Kendall and Brown’s remarks today are particularly different from the responses they gave to questions about the A-10 dispatch to Ukraine in March, where the two individuals specifically pointed out that there was no no active plans to make or even discussions of the possibility of such a transfer.
“I’m not aware of any current plans, or even any discussion of any current plan, to deploy or provide A-10s to the Ukrainians,” Kendall told reporters at the U.S. Air Warfare Symposium. ‘Air Force Association, according to breaking defense.
“I am not aware of any discussions or plans within the US Air Force to supply A-10s to Ukraine,” Brown said at the same event.
The issue of sending A-10s, along with other Western fighter jets, to Ukraine has certainly been raised many times since Russia launched its all-out invasion in February. So far, the Biden administration has resisted those calls, which have come from members of Congress, Ukrainian officials and members of that country’s military, and the general public, among others. US officials have generally raised concerns about how these deliveries could escalate the conflict and increase the risk of spillovers outside Ukraine.
This attitude has continued to change over the past few weeks, notably with the transfer of High Mobility Artillery Rocket Systems (HIMARS) as well as precision-guided shells and plans to send ground-to-air missile systems. Air National Advanced Medium Range (NASAMS). The potential delivery of systems like these to Ukrainian forces had been deemed completely prohibited just months ago.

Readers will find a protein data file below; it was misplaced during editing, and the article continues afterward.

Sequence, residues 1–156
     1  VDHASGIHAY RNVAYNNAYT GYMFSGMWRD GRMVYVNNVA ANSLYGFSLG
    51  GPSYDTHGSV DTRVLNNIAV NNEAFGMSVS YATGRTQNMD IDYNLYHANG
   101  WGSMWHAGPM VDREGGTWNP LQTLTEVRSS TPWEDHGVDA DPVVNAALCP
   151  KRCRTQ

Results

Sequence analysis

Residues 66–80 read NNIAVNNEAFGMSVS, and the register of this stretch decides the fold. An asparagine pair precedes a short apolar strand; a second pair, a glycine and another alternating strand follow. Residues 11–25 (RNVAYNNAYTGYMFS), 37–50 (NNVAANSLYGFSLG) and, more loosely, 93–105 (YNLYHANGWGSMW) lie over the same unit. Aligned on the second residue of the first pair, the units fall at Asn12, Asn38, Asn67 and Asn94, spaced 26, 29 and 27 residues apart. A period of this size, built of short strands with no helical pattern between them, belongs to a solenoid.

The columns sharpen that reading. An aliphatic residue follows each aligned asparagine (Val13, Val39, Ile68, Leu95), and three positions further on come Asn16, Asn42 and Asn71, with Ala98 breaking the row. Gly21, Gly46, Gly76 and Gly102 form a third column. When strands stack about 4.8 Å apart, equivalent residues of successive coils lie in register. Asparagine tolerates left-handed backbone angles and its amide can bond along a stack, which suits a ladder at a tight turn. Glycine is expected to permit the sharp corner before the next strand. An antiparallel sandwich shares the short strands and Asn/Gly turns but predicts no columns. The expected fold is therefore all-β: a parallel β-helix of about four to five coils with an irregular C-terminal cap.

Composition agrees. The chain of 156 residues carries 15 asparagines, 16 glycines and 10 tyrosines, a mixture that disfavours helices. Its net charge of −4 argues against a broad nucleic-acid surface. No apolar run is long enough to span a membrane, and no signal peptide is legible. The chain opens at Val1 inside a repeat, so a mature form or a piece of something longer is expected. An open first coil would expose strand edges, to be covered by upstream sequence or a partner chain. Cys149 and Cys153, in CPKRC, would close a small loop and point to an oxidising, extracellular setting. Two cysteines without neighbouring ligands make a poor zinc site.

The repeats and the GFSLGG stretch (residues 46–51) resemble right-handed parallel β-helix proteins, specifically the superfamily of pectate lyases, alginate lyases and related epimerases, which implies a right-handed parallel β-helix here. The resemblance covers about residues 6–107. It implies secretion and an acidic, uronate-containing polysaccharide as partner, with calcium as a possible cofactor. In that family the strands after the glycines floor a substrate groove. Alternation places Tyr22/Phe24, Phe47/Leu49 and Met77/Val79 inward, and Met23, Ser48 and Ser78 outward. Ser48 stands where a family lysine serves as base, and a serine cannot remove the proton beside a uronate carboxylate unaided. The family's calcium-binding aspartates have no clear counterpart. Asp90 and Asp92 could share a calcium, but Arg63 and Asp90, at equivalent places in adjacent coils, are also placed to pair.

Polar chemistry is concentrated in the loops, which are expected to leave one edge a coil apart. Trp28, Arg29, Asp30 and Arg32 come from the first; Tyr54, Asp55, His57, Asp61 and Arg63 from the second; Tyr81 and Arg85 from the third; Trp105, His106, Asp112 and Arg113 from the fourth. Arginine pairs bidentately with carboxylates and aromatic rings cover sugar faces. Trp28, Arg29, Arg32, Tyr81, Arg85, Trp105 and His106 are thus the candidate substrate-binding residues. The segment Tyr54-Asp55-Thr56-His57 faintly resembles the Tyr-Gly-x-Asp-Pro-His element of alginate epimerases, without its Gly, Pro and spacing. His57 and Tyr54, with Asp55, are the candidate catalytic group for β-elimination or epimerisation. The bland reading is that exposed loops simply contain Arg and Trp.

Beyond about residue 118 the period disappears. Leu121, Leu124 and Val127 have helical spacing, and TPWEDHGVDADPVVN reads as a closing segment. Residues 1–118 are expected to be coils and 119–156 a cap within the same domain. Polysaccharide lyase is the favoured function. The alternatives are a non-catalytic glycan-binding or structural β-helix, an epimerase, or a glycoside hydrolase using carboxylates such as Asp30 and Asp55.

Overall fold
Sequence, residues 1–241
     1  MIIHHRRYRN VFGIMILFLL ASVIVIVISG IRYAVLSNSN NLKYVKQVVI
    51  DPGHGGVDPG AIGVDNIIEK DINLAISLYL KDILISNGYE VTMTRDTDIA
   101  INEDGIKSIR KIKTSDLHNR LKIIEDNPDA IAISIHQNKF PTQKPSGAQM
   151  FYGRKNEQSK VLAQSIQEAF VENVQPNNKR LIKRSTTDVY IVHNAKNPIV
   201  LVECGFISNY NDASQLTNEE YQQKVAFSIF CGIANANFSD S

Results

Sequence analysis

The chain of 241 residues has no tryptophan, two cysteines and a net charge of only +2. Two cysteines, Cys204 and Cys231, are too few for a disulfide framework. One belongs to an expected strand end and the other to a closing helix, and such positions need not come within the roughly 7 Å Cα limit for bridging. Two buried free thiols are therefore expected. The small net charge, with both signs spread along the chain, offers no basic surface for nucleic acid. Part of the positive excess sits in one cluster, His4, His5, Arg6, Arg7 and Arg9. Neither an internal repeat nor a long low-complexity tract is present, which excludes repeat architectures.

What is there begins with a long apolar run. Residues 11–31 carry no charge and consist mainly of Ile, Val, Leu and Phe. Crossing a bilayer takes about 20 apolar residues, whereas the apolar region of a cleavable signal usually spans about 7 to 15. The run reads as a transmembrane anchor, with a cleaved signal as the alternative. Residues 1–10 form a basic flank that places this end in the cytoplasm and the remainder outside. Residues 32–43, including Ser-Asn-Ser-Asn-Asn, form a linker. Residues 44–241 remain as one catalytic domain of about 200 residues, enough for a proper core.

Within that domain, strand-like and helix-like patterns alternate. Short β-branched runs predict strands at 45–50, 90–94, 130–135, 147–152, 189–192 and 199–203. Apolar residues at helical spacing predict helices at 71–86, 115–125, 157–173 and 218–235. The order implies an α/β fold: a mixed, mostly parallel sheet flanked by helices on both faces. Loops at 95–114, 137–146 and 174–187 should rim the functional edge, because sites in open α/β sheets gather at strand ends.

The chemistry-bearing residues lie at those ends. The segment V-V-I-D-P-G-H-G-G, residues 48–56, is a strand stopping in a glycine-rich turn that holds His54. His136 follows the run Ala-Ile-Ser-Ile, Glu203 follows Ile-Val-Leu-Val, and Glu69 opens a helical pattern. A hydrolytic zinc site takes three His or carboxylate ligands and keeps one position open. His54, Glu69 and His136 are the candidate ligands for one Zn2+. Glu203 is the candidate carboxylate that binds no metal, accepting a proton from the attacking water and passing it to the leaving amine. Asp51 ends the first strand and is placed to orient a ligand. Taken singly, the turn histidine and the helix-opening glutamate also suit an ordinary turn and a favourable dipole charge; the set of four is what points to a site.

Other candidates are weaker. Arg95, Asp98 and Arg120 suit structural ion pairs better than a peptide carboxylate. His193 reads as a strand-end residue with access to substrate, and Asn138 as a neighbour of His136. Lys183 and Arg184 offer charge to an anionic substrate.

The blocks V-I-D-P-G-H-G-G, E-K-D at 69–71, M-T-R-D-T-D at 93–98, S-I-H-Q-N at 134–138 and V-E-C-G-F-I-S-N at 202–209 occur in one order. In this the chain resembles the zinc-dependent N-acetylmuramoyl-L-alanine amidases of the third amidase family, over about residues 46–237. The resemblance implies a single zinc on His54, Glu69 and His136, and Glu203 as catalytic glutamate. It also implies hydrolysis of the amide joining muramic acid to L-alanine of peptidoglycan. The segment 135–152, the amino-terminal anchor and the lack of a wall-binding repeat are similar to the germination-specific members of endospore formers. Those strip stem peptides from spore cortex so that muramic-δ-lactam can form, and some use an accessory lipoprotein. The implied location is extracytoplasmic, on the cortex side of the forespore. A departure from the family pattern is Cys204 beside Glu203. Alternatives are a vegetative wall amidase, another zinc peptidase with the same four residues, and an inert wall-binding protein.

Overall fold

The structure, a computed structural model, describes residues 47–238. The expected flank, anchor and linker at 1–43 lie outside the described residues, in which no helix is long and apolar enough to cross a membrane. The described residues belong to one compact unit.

On Monday, Ukrainian Defense Minister Oleksii Reznikov tweeted that he had spoken with US Secretary of Defense Lloyd Austin and that his US counterpart had “very good news, but details will come a bit later”. This, of course, could simply be a reference to the US government’s new promise today to send more HIMARS, which have already had a noticeable impact on the conflict.
Not so long ago, the very idea of sending A-10s to Ukraine, or elsewhere, would have been a largely moot conversation. Congress has for years blocked the Air Force from divesting one of its Warthogs, with lawmakers continually demanding assurances that the service will not lose its critical close air support capabilities as a result of any decision. This long-standing position is now softening. The current version of the House’s NDAA accepts the Air Force’s proposal to retire 21 A-10s in the coming fiscal year. The Senate Armed Services Committee announced Monday that theirs was doing it too.